John Ritenbaugh, cuing in on Psalm 73:1-9, describing the despair of someone seeing the wicked prosper while the righteous suffer, affirms that it is a delusion that people in the world are leading comfortable lives. Christian living, while not comfortable, has a restorative faith in God. If our focus is on comfort, we cannot glorify God. Ecclesiastes, written for the spiritual well-being of God's children, teaches that the world is living in vanity and uselessness, producing nothing of quality. To this end, God has put a protective hedge about us in order to separate us from what is happening in the world. God knows where He is leading our life; we only vaguely know, unaware of the ultimate purpose of the trials we go through, not as punishment, but in shaping and molding us to be transformed in the image of Jesus Christ. The difficulties we experience after our calling have an educative purpose, leading us to a closer relationship with God, giving us a quality life. A test should be considered a positive learning experience, preparing us for more growth and for more solid, stable, sound-mindedness based in good judgment, controlling and disciplining our thinking though God's Holy Spirit. Since God arranges the trials for us, we should take comfort in His presence. We must, however, assiduously avoid the extreme of straining for perfection or obsessing on righteousness, presumptuously 'improving' on God's plan, blinding us to our own sinfulness and carnality. Self-righteousness leads to a life of desperation. Even righteousness done through obedience to God is still tainted with sin. The righteousness of Christ is given to us when we exercise faith in Him, realizing we are still sinners.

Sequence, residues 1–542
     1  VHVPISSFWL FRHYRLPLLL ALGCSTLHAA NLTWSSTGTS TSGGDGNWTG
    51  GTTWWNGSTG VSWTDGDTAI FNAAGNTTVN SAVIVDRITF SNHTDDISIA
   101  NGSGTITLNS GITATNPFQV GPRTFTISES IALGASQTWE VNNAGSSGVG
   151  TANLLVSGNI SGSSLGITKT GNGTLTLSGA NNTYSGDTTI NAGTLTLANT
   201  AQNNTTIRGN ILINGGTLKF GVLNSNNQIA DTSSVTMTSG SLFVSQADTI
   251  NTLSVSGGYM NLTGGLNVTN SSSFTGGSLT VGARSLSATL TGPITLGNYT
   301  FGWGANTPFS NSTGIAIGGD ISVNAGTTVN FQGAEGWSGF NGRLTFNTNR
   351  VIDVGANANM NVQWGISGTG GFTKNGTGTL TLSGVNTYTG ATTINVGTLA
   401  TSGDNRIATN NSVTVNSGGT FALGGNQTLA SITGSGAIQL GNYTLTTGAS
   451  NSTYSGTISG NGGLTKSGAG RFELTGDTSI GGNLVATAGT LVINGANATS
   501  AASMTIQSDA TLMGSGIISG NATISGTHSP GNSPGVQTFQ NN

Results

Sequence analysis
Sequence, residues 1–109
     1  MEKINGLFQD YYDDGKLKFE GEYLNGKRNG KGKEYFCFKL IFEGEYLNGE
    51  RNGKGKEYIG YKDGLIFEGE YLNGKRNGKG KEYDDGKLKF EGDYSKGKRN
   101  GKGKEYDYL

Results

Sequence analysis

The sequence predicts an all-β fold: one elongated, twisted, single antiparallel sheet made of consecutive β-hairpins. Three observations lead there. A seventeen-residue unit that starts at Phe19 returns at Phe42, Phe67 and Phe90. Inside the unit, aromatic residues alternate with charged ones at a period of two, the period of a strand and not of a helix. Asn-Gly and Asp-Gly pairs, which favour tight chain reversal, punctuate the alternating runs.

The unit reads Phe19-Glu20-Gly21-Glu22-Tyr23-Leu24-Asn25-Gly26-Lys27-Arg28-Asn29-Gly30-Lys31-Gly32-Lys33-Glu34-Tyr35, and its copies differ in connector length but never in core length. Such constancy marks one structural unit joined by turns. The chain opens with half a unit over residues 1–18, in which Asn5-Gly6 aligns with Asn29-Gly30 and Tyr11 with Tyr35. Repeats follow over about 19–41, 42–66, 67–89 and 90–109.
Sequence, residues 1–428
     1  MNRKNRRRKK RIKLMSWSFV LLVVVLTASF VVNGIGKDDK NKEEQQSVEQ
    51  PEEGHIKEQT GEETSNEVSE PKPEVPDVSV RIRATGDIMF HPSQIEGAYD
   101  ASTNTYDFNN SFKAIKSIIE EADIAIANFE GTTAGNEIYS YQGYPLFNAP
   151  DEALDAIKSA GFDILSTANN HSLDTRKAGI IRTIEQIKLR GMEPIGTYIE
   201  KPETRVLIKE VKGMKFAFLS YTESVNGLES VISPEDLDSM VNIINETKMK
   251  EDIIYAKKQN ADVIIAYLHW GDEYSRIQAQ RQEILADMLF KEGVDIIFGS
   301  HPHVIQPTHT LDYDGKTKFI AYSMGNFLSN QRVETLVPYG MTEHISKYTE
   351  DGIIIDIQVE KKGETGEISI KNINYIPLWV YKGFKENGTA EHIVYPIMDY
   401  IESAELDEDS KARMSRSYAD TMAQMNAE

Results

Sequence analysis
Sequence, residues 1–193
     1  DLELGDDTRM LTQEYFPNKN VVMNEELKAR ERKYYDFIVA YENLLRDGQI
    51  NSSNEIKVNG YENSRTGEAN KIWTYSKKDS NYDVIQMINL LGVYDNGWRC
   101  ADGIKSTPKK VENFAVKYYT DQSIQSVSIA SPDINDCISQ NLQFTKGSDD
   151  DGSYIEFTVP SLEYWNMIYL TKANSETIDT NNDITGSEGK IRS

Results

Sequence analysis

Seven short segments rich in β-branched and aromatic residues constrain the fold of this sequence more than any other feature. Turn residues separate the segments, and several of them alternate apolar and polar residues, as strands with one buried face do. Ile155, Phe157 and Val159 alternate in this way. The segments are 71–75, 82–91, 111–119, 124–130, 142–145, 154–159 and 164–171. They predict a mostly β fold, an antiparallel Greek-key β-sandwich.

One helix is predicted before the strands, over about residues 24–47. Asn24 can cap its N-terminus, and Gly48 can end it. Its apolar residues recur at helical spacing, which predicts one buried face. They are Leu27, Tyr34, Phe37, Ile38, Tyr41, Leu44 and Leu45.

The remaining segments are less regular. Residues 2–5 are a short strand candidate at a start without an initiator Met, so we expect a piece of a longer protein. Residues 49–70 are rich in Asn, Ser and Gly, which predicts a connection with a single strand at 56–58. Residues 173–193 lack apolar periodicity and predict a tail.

John Ritenbaugh, reiterating that the heart is the generator or birthplace of our action, reminds us that we are a treasure in God's eyes, chosen, royal, and special, and we must guard and protect our calling, realizing it is the most precious possession we will ever attain- an opportunity to serve as the chosen retinue of Christ the King, the Bride of Christ, the 144,000 of Revelation 7:4, representing 12,000 from each tribe of Israel. In addition to the 144,000, the Innumerable Multitude consists of glorified spirit beings which have gone through great tribulation or stress, referring more to a perennial condition than a point event because the Greek did not contain the definite article (that is, the) in the original text. We are all currently going through this type of tribulation, which started with Adam and Eve's sinning and will crescendo right up until the end. The Church, or the Israel of God, started by Jesus Christ and the Apostles, is a unique educational institution, teaching the way of God and amplifying His Commandments, in contrast to the churches of this world, which take part in the world's politics as well as its wars and the emerging universality movement, which teaches there are many ways to God and that it is possible to be spiritual without being religious. The only institution that is qualified to preach the Gospel of the Kingdom of God is the one consisting of those specifically called by God, willing to follow His Commandments, and yielding unconditionally to His leadership. Consequently, it is essential to know who we are and how we fit in. The churches of the world don't hold the answer because they have rejected the Sabbath and Holy Days, and do not see themselves as citizens of God's Heavenly Kingdom, seeing no use to follow the footsteps of Christ, imitating His behavior. God's Church separates itself from the world's systems, but maintains its loyalty to God's Heavenly Kingdom, upholding its laws in the spirit and the letter. The Church of God is an educational system preaching